Papers portray Osama Bin Laden as struggling to manage Al Qaeda
WASHINGTON -- From his hideout in Pakistan, Osama bin Laden struggled to manage the tentacles of his terrorist organization even as he derided it as amateurish and unfocused, according to declassified documents released Thursday.
Approximately 17 letters and notes from Bin Laden were published online by the Combating Terrorism Center at the U.S. Military Academy at West Point.
The documents add granular detail to the portrait of the Al Qaeda founder as a frustrated executive. In them, he denies requests for help from the field, seeks to raise funds, and politely but firmly chastises commanders for losing sight of his preferred mission: attacking the West.
The documents come from the massive haul of data stored on hard drives, flash drives, DVDs and other devices that were recovered after U.S. Navy SEALs killed Bin Laden in his compound in Abbottabad, Pakistan, a year ago this week.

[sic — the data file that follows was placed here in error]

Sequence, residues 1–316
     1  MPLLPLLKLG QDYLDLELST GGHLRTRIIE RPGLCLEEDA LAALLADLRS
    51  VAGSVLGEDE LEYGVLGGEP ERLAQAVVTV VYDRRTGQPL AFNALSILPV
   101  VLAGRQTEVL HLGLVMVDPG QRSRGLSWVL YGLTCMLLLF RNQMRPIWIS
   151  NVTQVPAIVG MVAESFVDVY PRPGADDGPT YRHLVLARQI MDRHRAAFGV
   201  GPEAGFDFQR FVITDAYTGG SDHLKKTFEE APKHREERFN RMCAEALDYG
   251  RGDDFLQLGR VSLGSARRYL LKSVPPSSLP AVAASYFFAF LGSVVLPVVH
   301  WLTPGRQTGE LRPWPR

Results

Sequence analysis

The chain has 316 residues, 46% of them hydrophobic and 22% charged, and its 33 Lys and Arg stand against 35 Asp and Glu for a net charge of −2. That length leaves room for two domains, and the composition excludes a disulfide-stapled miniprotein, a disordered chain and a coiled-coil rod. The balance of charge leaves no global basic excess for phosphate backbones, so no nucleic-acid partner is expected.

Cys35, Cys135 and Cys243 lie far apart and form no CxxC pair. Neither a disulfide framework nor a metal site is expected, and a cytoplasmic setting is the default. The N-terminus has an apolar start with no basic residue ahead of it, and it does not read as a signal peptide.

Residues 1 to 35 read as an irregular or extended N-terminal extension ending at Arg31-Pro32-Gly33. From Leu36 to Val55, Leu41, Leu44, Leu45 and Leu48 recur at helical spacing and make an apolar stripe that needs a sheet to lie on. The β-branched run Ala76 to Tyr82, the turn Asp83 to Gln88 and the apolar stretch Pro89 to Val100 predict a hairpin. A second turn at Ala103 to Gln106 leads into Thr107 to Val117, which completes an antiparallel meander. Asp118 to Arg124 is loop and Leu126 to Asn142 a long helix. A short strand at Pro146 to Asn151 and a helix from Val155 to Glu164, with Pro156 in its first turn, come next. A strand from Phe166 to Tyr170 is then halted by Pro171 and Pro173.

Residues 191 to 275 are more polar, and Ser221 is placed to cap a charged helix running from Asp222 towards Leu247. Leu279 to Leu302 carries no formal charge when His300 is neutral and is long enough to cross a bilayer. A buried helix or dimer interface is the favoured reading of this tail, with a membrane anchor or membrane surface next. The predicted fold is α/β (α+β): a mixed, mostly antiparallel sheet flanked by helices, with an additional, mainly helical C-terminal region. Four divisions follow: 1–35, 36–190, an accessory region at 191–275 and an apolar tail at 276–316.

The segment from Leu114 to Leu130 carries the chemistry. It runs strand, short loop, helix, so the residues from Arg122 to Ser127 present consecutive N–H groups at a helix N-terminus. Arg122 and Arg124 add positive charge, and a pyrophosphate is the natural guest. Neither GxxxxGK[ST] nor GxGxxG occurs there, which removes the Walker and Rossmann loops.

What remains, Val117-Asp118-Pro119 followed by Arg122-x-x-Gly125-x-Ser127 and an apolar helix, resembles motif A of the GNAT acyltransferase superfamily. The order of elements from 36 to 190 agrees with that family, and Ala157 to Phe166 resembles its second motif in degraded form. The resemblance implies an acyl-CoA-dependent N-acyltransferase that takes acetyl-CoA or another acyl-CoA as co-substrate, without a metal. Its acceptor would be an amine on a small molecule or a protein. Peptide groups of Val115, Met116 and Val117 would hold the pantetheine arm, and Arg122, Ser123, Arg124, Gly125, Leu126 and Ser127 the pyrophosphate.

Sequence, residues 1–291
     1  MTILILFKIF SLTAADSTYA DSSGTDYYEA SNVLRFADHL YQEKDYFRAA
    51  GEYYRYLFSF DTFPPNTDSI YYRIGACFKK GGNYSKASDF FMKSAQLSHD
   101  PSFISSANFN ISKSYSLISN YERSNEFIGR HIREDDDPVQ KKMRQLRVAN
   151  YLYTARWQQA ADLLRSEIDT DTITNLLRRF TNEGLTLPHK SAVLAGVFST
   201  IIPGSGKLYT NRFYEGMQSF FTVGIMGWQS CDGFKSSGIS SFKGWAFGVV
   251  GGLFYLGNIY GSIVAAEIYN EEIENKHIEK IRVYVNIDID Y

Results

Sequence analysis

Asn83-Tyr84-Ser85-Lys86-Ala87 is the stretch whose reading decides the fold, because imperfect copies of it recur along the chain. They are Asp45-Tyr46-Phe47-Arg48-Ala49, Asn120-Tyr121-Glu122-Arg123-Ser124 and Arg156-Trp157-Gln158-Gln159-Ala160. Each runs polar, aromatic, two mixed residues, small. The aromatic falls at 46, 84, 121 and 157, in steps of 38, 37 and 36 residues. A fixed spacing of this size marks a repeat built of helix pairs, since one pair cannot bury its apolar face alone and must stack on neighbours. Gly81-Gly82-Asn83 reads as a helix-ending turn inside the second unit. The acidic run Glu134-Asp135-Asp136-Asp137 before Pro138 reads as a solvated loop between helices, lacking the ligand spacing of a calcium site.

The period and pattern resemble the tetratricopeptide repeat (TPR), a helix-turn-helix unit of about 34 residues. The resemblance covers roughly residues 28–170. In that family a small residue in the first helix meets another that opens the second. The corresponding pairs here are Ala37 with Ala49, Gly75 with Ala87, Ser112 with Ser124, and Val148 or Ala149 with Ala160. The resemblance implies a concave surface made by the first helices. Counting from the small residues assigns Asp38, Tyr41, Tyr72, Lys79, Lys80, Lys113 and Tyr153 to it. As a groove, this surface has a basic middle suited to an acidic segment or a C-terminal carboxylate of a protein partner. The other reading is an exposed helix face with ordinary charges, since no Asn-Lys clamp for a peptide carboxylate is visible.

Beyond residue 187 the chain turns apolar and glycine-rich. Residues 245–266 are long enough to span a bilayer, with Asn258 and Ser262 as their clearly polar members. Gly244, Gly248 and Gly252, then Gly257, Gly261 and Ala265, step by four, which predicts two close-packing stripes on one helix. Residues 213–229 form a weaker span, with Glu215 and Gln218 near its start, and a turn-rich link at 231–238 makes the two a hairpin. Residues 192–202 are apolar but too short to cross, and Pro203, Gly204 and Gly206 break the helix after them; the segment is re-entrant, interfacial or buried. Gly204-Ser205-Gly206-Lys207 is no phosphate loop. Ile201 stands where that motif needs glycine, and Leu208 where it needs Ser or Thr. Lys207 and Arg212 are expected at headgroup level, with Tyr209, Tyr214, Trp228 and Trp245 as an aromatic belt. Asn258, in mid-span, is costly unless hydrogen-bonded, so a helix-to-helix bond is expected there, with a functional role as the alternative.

The correspondence shows Bin Laden was worried that some Al Qaeda affiliates were alienating Muslims with indiscriminate attacks on mosques and other civilian targets, and that their regional operations in countries around the globe had strayed far from his central objective of attacking the United States and other Western countries.
"It is very important," Bin Laden wrote in a letter to Nasser Wuhayshi, then head of Al Qaeda in the Arabian Peninsula, "to remind the new generation" to concentrate on attacking the West.
Wuhayshi wanted Bin Laden to send a deputy from Pakistan to Yemen to help the affiliate plan attacks. But Bin Laden denied the request, saying it would present too great a security risk.
In a note to another deputy, Bin Laden wrote that if he sent someone to Yemen, it would be to solicit money to support Al Qaeda's central leadership in Yemen.
English translations of the documents were posted along with 175 pages of the original documents in Arabic. The letters were written between September 2006 and April 2011.
-- Brian Bennett
Photo: A journalist in Washington looks at a computer screen showing the original Bin Laden documents released Thursday by the Combating Terrorism Center at the U.S. Military Academy at West Point. Credit: Karen Bleier / AFP/Getty Images